Skip to main content
COVID-19 updates from UW-Eau Claire   READ MORE »

Alumni couple urge grads to move forward with vision, optimism

| Julie Poquette

It all comes down to vision and optimism.

John and Carolyn Sonnentag delivered those key messages Dec. 19, nearly 50 years after their own University of Wisconsin-Eau Claire graduations, as they addressed the university’s newest graduating class in Zorn Arena.

John, a 1966 UW-Eau Claire business administration and history graduate, and Carolyn, who earned her UW-Eau Claire degree in medical technology in 1967, have been a professional team since the early 1970s, building and managing the success of their third-generation family-owned business. Founded in 1946, Sonnentag Concrete and Gravel employed four seasonal workers at one location in 1971. Under the John and Carolyn’s leadership, the business grew into County Materials Corp., a manufacturer and distributor of concrete and related construction products that today has more than 50 U.S. locations and, at times, more than 2,000 employees.

Vision is a trait all successful people possess and can be achieved by looking to the future and asking three questions: “What do you want to become, what legacy do you want to build, and what kind of life do you want to have?” John said.

While as graduates they leave the university with the knowledge necessary to succeed in their chosen fields, “all that knowledge will get you nowhere if you do not have the vision to use it,” John said to the newest UW-Eau Claire alumni.

John shared several examples from his own life of the importance of vision, including the time he accepted the opportunity some years ago to lead County Materials into new territory. At that time, the company put in a bid and was selected to build the concrete components for a tunnel that would be part of the light rail linking Minneapolis International Airport and the Mall of America to downtown Minneapolis. It was necessary to envision the equipment needed to build the tunnel segments, the facility where they would do the production, and how they would meet their deadline in spite of a very cold winter.

Through all of the challenges of the tunnel project, having vision in advance helped his company succeed.

“I am happy to report that we delivered the tunnel segments on time and the rail is still running on time today,” John said. ”The tunnel production site is now our County Materials plant on I-94 west of Eau Claire.”

A trip down Menomonie Street in Eau Claire several years ago helped John create another vision, one that would lead to a 2014 gift of approximately $10 million in money and land from the Sonnentags and County Materials Corp. to the UW-Eau Claire Foundation for the development of an event and recreation complex on the County Materials site in Eau Claire.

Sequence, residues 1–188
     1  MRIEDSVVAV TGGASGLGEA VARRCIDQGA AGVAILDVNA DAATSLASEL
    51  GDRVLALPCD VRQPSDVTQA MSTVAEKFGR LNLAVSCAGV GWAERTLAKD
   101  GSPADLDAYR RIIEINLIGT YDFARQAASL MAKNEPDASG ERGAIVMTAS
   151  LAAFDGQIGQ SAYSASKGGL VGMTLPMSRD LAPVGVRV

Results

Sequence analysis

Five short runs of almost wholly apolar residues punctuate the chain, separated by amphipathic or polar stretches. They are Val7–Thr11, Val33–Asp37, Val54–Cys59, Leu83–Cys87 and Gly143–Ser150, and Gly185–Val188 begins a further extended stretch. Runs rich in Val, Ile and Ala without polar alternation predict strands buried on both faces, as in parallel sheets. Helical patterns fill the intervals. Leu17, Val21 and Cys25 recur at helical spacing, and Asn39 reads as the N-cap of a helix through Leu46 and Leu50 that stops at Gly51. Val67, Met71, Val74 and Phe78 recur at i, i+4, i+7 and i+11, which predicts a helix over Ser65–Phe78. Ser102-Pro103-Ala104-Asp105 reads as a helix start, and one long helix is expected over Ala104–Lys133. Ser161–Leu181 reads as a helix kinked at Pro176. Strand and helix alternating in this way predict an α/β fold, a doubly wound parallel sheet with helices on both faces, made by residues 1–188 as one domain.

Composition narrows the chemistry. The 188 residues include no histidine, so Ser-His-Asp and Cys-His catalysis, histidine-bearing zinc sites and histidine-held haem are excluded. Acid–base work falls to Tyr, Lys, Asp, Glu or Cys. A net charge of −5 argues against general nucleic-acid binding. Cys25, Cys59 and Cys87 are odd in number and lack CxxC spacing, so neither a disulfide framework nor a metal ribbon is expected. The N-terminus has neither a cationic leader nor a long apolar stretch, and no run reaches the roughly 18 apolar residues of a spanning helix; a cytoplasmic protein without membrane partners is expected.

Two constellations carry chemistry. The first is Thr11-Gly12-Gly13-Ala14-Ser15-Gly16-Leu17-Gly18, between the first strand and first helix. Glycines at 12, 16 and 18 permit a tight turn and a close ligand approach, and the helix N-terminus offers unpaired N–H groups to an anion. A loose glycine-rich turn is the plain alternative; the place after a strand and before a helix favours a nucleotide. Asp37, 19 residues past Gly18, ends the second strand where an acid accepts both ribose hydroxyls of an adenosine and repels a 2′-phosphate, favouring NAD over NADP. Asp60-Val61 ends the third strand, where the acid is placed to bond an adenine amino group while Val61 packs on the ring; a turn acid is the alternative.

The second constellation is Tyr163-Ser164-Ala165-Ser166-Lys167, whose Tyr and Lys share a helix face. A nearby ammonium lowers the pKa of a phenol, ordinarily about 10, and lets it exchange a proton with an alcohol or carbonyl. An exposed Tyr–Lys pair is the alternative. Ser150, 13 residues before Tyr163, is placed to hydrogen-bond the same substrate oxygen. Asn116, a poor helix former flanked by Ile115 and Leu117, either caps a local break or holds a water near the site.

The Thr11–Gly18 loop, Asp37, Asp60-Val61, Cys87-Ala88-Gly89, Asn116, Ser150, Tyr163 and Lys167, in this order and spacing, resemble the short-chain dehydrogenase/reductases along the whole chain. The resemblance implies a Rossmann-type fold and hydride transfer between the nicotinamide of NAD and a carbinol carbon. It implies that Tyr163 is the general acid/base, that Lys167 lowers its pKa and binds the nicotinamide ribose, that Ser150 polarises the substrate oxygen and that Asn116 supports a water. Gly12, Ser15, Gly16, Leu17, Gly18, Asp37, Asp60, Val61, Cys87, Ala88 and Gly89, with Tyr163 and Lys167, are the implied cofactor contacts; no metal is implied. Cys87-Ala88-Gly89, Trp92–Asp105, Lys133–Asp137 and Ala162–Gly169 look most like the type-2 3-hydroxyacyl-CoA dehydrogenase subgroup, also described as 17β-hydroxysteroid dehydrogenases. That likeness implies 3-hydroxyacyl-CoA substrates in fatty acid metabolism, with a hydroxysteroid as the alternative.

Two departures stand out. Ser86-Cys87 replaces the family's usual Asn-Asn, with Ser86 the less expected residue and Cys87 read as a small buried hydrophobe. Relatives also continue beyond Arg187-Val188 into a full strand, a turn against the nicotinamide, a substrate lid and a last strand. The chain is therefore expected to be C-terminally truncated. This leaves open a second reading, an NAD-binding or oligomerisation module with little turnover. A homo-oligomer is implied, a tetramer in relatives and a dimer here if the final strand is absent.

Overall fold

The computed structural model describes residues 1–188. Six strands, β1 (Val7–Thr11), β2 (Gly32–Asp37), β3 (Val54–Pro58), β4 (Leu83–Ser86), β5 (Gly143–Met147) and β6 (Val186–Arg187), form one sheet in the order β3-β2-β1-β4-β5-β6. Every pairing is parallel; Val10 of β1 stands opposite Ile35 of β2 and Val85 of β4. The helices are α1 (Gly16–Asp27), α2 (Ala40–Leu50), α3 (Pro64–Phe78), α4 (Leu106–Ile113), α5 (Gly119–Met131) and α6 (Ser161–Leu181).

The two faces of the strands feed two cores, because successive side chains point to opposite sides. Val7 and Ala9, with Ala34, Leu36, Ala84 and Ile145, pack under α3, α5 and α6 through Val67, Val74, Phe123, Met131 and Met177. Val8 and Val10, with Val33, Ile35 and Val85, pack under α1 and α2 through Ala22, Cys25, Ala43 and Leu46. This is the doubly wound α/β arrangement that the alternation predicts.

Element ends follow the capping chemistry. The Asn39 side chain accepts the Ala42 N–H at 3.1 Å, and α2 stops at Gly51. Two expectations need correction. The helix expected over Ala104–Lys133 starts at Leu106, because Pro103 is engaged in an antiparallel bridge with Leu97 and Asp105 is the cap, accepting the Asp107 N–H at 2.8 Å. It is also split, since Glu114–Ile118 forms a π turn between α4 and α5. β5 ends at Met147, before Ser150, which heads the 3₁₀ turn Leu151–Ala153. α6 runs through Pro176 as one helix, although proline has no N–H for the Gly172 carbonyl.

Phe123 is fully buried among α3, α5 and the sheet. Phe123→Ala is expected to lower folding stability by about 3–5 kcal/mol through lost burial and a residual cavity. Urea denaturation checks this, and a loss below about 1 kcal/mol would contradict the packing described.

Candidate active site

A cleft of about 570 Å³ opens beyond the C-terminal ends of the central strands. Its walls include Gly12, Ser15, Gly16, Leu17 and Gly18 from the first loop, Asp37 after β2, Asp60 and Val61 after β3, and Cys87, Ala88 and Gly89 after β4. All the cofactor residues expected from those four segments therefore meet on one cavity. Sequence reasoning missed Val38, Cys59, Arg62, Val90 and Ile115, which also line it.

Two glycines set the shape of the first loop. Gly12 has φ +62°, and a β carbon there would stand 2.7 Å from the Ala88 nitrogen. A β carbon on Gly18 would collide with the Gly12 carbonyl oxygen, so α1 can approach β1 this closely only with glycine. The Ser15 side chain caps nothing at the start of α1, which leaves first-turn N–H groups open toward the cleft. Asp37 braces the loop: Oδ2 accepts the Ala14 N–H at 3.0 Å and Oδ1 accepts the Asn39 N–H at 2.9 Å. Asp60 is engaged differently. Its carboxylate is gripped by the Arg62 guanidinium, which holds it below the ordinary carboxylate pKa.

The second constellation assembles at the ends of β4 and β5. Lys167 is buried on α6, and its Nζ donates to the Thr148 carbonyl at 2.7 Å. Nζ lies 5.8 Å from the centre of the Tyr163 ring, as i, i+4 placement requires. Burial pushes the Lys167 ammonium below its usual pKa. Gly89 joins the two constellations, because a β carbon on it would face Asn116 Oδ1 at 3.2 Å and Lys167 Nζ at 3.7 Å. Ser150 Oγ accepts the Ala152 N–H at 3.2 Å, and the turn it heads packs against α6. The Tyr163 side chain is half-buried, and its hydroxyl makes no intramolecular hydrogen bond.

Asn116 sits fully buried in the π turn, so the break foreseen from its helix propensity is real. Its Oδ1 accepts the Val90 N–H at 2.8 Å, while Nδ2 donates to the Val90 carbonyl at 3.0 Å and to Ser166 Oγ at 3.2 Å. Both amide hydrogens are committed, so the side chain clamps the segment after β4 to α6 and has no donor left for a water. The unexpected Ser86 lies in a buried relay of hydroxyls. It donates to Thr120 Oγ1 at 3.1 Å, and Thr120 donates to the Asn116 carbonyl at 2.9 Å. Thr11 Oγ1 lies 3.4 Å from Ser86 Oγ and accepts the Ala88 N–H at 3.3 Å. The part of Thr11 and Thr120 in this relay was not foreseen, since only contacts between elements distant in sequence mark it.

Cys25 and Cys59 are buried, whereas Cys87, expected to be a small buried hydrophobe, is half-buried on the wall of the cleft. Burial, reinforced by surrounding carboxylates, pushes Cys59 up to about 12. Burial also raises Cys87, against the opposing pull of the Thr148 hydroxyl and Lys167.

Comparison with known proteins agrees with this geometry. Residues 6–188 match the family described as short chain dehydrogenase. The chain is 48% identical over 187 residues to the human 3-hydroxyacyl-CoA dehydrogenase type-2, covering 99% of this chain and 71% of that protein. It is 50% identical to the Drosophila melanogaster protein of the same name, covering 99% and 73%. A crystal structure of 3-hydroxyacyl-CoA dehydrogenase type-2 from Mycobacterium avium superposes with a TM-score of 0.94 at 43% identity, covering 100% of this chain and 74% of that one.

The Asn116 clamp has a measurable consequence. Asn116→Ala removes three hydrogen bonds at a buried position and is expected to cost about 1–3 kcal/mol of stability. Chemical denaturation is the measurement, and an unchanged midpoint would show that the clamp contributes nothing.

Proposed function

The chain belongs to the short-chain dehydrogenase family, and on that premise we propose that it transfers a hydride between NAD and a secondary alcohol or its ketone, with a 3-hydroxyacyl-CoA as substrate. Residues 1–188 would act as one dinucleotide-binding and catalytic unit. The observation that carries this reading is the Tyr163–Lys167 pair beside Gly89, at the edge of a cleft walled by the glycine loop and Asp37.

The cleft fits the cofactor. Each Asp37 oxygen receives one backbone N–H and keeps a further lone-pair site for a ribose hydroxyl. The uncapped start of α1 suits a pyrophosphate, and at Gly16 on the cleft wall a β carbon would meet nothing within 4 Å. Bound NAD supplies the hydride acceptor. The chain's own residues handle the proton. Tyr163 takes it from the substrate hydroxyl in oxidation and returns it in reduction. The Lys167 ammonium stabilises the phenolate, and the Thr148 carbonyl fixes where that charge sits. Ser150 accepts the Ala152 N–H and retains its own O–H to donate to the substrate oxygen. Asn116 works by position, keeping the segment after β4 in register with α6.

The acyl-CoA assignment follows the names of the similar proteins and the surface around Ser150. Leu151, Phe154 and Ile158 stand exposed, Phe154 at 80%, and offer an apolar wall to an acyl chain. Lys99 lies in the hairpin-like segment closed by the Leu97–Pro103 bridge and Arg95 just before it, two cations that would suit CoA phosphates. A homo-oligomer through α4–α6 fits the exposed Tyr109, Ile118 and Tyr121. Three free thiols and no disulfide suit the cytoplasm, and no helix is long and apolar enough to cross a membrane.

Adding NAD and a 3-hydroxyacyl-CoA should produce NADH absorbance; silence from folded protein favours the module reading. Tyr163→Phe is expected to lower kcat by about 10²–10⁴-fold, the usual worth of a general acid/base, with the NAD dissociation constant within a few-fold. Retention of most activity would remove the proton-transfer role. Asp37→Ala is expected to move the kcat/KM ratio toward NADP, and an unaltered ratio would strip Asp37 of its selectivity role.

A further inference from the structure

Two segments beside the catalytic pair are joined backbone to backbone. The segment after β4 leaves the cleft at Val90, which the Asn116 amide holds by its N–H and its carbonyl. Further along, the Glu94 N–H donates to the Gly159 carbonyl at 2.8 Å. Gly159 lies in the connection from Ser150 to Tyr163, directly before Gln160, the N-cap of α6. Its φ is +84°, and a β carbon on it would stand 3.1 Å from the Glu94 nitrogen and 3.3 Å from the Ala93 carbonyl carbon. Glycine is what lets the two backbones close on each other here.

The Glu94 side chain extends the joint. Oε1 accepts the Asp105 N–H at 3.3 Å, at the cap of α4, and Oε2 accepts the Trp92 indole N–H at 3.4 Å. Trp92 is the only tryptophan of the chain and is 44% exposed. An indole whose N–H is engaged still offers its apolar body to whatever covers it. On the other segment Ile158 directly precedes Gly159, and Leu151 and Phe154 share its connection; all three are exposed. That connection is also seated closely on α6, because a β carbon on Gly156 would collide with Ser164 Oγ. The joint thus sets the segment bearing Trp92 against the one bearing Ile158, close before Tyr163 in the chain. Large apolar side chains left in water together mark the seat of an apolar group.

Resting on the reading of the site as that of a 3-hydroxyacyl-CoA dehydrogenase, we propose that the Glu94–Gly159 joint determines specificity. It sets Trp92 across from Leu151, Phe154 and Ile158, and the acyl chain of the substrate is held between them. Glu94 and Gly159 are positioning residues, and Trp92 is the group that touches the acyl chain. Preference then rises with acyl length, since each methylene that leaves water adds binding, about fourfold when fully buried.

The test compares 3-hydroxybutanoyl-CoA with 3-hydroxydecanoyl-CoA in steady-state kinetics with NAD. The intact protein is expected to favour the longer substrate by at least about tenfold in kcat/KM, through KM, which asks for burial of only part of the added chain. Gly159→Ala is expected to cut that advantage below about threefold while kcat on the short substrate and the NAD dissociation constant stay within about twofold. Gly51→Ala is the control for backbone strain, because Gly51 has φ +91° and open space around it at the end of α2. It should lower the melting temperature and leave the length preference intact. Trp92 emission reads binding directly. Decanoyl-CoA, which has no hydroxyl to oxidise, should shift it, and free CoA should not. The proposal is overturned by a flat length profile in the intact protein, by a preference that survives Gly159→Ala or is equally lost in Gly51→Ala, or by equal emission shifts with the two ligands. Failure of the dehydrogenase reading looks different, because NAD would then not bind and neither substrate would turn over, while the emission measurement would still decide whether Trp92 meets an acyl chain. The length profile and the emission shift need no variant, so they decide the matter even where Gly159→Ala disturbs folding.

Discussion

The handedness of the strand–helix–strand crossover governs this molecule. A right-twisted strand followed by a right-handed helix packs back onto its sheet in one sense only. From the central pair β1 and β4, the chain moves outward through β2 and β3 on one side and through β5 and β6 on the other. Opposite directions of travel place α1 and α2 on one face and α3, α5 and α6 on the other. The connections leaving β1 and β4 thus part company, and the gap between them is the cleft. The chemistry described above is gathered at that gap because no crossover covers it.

“As I stand here today that vision for an events center is beginning to take shape, and Carolyn and I are going to help make it happen,” John said.

In preparing for her part of the Sonnentags’ co-delivered commencement speech, a look back over nearly 50 years led to a realization that optimism was another important reason for the couple’s success, Carolyn said.

After working for six years as a medical technologist following her UW-Eau Claire graduation, Carolyn decided to join the family business and took a night accounting class to better perform her role in helping with the company’s bookwork.

There were “no computers to add up all the columns, just long hours into the night to get the assignments done,” Carolyn said. “That was stressful, but I had a goal and was optimistic that I would succeed and eventually be an asset to the family business. John and I became a team.”

It was important not to let pessimism creep in while running the family company, Carolyn said.

“We could never have built the business if we spent all our time worrying about all the risks we had to take,” Carolyn said. “And our education at this university was an excellent baseline for problem solving.”

Carolyn encouraged graduates to choose optimism as they move forward in life.

“From this day forward you have a choice,” Carolyn said. “You can either be a passive victim of circumstance or you can be an active hero of your own life. But it all leads to the fact that you will want to continue to learn and follow that optimistic path that will bring you great rewards.”

Photo caption: John and Carolyn Sonnentag at UW-Eau Claire commencement ceremonies Dec. 19.